What’s Motivating Britain’s Anti-Hezbollah Ban?
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What’s Motivating Britain’s Anti-Hezbollah Ban?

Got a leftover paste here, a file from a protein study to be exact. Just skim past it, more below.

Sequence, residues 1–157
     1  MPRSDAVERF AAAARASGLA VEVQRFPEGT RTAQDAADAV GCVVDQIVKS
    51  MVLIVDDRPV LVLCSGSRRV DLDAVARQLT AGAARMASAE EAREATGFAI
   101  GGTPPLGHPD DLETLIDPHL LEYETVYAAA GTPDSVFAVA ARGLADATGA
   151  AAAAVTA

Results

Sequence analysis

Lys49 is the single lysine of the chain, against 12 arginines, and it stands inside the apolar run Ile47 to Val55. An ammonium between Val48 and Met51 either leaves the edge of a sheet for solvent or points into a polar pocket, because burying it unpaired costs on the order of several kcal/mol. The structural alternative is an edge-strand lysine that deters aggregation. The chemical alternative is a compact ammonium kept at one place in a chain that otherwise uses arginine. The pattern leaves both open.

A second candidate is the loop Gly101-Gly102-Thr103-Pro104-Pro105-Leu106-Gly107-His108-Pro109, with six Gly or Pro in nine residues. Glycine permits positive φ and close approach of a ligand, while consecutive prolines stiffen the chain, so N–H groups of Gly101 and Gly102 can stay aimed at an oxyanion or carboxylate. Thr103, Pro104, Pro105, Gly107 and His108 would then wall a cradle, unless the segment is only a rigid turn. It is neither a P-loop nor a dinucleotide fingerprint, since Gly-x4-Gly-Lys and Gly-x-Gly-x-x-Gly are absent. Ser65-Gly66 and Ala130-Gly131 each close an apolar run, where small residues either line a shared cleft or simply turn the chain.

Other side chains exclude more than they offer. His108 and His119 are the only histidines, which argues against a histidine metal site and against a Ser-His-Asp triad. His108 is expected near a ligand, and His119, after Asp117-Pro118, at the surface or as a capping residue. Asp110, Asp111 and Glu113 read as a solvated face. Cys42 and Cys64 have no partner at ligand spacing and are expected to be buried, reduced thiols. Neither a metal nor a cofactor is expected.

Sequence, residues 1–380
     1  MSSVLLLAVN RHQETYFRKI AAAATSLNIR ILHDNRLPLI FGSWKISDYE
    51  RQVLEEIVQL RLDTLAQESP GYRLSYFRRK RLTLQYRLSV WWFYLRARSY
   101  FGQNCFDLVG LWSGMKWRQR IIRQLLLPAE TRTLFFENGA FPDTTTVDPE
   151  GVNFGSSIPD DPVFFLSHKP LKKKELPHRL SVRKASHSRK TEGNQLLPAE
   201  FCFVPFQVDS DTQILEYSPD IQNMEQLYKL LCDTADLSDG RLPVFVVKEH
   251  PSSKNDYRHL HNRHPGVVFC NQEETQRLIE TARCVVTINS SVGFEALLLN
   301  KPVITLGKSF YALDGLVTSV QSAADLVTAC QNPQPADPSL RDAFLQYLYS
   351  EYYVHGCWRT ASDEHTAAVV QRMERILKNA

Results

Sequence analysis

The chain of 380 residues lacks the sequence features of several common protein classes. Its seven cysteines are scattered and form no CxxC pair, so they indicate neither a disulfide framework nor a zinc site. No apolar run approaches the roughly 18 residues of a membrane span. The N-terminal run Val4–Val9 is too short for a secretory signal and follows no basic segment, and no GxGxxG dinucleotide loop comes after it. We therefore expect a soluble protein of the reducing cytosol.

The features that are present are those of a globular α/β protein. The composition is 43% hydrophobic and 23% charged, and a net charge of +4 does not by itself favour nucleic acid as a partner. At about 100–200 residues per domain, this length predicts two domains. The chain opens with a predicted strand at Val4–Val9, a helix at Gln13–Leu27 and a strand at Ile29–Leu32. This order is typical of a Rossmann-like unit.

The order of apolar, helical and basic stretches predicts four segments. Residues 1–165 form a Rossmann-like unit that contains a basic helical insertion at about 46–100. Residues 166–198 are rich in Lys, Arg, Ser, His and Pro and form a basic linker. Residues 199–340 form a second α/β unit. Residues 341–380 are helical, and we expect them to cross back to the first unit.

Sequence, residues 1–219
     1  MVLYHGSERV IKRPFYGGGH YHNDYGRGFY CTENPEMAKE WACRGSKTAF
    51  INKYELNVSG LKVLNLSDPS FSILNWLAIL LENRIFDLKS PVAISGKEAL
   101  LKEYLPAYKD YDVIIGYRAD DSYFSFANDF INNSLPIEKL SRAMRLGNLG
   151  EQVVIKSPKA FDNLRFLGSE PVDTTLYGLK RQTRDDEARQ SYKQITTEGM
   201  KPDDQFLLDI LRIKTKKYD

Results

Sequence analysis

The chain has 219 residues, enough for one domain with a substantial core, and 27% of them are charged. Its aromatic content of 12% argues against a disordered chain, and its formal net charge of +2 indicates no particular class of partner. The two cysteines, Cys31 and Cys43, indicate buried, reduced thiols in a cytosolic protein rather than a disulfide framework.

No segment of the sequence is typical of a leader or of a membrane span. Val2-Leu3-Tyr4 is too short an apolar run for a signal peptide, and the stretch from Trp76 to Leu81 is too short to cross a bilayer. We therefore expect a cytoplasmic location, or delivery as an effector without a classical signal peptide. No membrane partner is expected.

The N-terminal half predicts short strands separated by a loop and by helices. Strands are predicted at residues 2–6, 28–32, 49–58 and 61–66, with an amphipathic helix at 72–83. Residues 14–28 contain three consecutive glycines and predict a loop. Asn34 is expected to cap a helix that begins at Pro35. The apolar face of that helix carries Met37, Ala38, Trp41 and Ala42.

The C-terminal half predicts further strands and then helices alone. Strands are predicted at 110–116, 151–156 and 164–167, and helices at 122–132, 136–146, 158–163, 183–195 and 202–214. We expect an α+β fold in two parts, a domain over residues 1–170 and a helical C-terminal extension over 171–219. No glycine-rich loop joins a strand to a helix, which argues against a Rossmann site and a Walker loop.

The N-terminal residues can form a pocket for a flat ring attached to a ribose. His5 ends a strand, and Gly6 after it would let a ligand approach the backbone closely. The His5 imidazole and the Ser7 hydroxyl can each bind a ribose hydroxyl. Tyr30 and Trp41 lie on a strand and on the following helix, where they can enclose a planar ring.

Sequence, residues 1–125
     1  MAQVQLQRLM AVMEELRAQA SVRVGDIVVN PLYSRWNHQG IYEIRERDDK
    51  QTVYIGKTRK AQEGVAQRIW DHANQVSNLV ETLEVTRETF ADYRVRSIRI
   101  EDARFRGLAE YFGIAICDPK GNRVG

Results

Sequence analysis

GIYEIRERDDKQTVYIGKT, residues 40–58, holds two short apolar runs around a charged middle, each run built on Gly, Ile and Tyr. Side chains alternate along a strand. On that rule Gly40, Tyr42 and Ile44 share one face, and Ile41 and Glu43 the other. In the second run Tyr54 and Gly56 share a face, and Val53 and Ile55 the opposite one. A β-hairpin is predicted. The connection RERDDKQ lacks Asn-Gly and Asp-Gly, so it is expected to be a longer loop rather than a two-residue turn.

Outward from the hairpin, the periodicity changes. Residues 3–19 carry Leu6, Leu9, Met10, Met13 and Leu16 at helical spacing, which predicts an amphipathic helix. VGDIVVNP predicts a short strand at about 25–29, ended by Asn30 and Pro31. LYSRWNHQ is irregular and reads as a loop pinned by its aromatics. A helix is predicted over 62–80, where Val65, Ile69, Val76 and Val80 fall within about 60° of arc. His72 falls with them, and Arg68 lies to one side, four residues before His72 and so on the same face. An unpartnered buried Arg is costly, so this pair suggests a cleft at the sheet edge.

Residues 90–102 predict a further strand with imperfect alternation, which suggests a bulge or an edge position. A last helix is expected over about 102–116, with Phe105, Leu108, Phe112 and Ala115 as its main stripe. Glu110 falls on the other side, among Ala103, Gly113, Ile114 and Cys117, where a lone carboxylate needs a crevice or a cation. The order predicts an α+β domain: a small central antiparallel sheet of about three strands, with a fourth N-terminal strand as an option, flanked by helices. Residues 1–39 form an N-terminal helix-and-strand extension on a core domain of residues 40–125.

On Sunday and Monday while the government of Prime Minister Theresa May on the sidelines of the EU-Arab League summit in the Egyptian resort city of Sharm El Sheikh was trying to work out an end to the Brexit uncertainty through talks with the European leaders participating at the meeting, the British Home Secretary Sajid Javid back at home announced that London decided to outlaw the political wing of Lebanese Hezbollah. Immediately after the announcement, Foreign Secretary Jeremy Hunt said that he pressed for blacklisting Hezbollah’s political wing as a terrorist organization, adding that his country could not stay indifferent to the Lebanese developments. Earlier, the British government had banned the Lebanese resistant movement’s military wing as a terrorist faction. Now comes the blacklisting of the political branch without any reason or even excuse. The move was received as a surprise by many because on the one hand Lebanon has just formed its government after a limbo lasted for years and the Arab country is moving towards calm and stability. On the other hand, the new government, led by PM Saad Hariri, has formed with the participation of ministers from Hezbollah which in May parliamentary election vehemently won along with its allies to prove its power as a strong player in the Lebanese politics. Naming Hezbollah a terrorist organization will practically mean that the British government does not recognize part of the government in Lebanon. The measure has raised a question: Is London unhappy with the peace coming back to Lebanon after government formation? The answer is yes and May's cabinet looks dissatisfied by the makeup of Lebanon’s government. But why has London abruptly claimed to be worried about Lebanon’s developments and then banned the politically powerful player Hezbollah? Conservatives’ retaliation against Jeremy Corbin The London’s anti-Hezbollah decision in the middle of heated Brexit debate has shifted the looks to Jeremy Corbyn, one of the key British supporters of the Lebanese and Palestinian resistant groups. Corbyn, currently the leader of the Labor Party, is a key opponent of the under-negotiation Brexit deal and has several times attacked the PM agreement with the EU and called for a new referendum. In fact, Corbyn is one of the key barriers blocking an approval in the parliament to May’s agreement with EU. But the fact is that the Labor is far from united in positions about the exit from the European bloc, which means Corbyn’s opposition to the Brexit and his advocacy for the resistant groups in Palestine and Lebanon does not represent the whole of this party. So, perhaps May and her allies have decided that the best way to get the deal’s approval from the parliament is to force Corbyn out of the leadership of the Tory party. So, the first step could be forging challenges for the leader. This troublemaking for Corbyn is an easy job by blacklisting Hezbollah. After all, Corbyn in the past joined meetings, speeches, and rallies associated with the Lebanese and Palestinian groups held to support them and this in practice destroys the chance for his continued leadership due to some legal obstacles. According to the ban, anyone who in Britain joins Hezbollah or supports the movement will get 10 years or more in prison. Last week Theresa May lashed out at Corbyn as a friend of Hamas and Hezbollah. “What do we see from his Labour Party? Hamas and Hezbollah friends, Israel and the United States enemies,” said May in the parliament. It seems that while Corbyn is the main hurdle ahead of the Brexit passing, naming Hezbollah as a terrorist movement and criminalizing the support for it will work suitably for the May government to put strains on this pro-resistance, anti-Israeli politician. London looks at the post-Brexit time From another perspective, the role of the Israeli and Saudi lobbies should not be disregarded in the move against Hezbollah which is a bone in the throat of Tel Aviv while the latter continues its aggressive policies in the region. Lobbies associated with the Israeli and Saudi regimes over the past years have done much to curb the increasing tendency and support for Hezbollah in the European countries. But that how these efforts have come to fruition in the middle of the Brexit impasse should be linked to the plans of the British government for the post-Brexit age. In fact, along with pushing ahead the Brexit, London leaders are busy with attempts to expand their relations with other parts of the world including the important and resource-rich West Asia. Many pro-Brexit politicians justify their campaign by arguing that they want their country to act independent of the EU and broaden ties with non-European regions including West Asia and Africa. For the anti-Hezbollah lobbyists, the opportunity has recently been ripe to demand the British politicians to act against Hezbollah in exchange for a future red carpet for London leaders. EU-Britain troubled relations Having in mind that Hezbollah’s political branch is active in the European countries as a legal entity, London's move against the influential movement indicates Britain's will to separate ways from the EU in policy in post-Brexit time. But how much the Downing Street’s measure is implementable on the ground is a matter of some doubt. With putting Hezbollah on the British terror list, some of the European citizens’ travel to the UK will face some restriction and hardships. Some of the European countries, including France, have openly opposed the British ban. If the British government arrests or prosecutes the European members of Hezbollah, new Britain-EU encounter is unavoidable. After all, Britain has criminalized what many EU member states find legitimate and within the legal political freedoms.